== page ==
What are you paying attention to? So many of us spend our days checking our blackberries and iphones, text and e-mail. We check out our favorite website and tv shows. We are constantly paying attention to so many different things that it can be overwhelming. Have you ever checked in with yourself during the course of the day?
It sounds like a strange question, but where and how we set our attention affects every moment of the day. I recently heard the phrase “organizational ADD”. In the business world it is the unending list of small tasks and the constant jumping from one task to another without a clear sense of importance. Not only is this ineffective and unorganized, it is also extremely draining on the employees who function every day in this state. If you compare this to how many of us live our lives outside the office, it’s very similar. While there are individuals who truly suffer from ADD, many of us operate in a state of interrupted attention. We jump from one thing to the next in the pursuit of completing as many tasks as possible. There are a multitude of things that we complete totally in autopilot. It is this constant doing with a lack of focus that renders us unproductive and exhausted. The problem lies in doing things with very little awareness. When we learn to stop doing and check in on what is really going on in our minds and bodies, we get a better sense of what to focus on and how to focus on it. We start to realize the effects of our daily habits and how the way we are functioning is truly serving us. When we take the time to slow down and become aware; instead of getting less done, we can actually get more done. Why? The stress that we are holding both mentally and physically starts to dissipate. We actually become more productive as a result of reduced stress levels.
When I checked in to what I was paying attention to I noticed how narrowly focused my thoughts were. I tended to worry about every detail and fixated on small details that were not of any real consequence. It is this limited thinking that holds people back from truly exploring their creativity and all of the opportunities that are available to us. For many people the idea of checking in with themselves is completely foreign. Here are some tips on how to get started:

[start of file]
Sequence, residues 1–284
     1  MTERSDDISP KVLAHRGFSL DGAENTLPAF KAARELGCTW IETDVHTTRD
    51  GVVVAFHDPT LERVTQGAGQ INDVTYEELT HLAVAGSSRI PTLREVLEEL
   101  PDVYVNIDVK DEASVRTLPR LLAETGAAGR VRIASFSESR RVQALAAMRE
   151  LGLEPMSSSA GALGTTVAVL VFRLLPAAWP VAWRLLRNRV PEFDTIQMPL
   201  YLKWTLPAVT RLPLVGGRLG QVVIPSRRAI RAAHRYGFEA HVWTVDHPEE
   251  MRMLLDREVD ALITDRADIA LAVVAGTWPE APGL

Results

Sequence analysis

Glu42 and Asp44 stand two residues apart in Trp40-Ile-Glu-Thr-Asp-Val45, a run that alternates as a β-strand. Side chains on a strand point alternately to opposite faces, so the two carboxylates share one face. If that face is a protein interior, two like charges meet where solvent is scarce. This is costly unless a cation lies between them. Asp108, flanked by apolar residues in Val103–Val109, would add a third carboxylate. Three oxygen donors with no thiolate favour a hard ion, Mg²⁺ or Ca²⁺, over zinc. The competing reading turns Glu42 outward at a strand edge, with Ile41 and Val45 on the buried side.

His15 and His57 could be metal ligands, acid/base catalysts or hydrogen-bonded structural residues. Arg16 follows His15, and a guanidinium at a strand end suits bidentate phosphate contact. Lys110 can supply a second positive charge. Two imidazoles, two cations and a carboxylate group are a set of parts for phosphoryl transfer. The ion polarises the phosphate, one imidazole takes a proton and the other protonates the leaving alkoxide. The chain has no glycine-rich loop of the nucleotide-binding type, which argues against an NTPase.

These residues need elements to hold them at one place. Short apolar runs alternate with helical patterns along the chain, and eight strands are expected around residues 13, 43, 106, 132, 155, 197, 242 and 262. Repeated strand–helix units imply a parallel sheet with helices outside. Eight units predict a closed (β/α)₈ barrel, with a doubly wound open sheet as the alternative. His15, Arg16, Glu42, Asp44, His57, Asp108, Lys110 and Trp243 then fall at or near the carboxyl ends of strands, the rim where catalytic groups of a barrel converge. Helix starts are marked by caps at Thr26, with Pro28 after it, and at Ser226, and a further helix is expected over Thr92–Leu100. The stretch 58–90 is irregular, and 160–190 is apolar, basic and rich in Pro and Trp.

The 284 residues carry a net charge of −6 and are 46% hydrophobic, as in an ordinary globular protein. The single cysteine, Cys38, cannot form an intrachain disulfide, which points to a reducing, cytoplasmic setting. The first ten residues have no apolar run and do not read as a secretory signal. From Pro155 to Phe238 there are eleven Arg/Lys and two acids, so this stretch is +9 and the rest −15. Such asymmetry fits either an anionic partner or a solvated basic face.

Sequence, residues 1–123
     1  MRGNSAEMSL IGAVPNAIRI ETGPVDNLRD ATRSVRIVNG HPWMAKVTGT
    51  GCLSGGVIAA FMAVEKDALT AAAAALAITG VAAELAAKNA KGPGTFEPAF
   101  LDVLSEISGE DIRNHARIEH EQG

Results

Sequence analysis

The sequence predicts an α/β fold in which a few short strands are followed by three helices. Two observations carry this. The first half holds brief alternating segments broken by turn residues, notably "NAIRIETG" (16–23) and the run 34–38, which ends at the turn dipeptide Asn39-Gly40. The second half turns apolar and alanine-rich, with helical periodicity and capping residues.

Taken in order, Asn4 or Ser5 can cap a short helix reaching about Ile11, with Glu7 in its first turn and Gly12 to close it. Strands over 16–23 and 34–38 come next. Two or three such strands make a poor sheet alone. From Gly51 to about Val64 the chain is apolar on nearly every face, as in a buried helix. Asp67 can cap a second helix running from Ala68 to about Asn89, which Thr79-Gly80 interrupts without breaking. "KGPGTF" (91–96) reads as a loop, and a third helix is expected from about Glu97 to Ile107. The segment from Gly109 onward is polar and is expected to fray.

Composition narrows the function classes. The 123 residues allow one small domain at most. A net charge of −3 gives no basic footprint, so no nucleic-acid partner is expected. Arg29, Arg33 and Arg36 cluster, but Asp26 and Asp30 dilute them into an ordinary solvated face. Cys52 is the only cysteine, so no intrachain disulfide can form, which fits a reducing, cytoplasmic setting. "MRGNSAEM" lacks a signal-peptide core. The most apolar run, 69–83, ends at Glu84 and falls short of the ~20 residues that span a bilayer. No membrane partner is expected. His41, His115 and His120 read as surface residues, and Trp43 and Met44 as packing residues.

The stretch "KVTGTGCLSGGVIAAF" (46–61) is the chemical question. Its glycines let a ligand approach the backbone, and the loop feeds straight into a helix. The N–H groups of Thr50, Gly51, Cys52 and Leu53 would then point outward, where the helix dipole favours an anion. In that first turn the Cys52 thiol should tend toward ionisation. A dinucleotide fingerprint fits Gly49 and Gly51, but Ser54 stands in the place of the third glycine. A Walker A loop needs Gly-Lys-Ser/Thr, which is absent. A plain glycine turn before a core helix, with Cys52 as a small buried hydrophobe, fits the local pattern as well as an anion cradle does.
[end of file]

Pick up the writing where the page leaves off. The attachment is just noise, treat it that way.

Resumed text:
• Instead of jumping out of bed to turn on your blackberry, take one minute to check in with yourself. What are your thoughts? How does your body feel?
• Look at areas where you feel you are reacting instead of creating. At work, are you just reacting to the tasks put in front of you trying to get it done in the most timely fashion or are you creating new ways of getting things done by working with others or making suggestions to your boss?
• Stop for a minute and assess what is going on internally. Is your heart beating fast? Are you feeling tense? Become aware of what may be causing you to respond this way. Take some breaths or do some stretches to release the tension.
Checking in is a matter of becoming aware of your circumstances and how it affects your outcome. You can’t control situations, but you can create the reaction you desire. You can do this by slowing down and using your attention more effectively.
Laura Tirello is a Career and Life Coach. Her company, Core Life Design, works with people who are looking to find their highest potential both in their careers and personal lives. Are you looking for ways to turn your ideas into goals? Get a copy of my *free* special report: “5 Ways to Eliminate Idea Overwhelm”. Visit corelifedesign.com for more information. Laura can be contacted at Laura@corelifedesign.com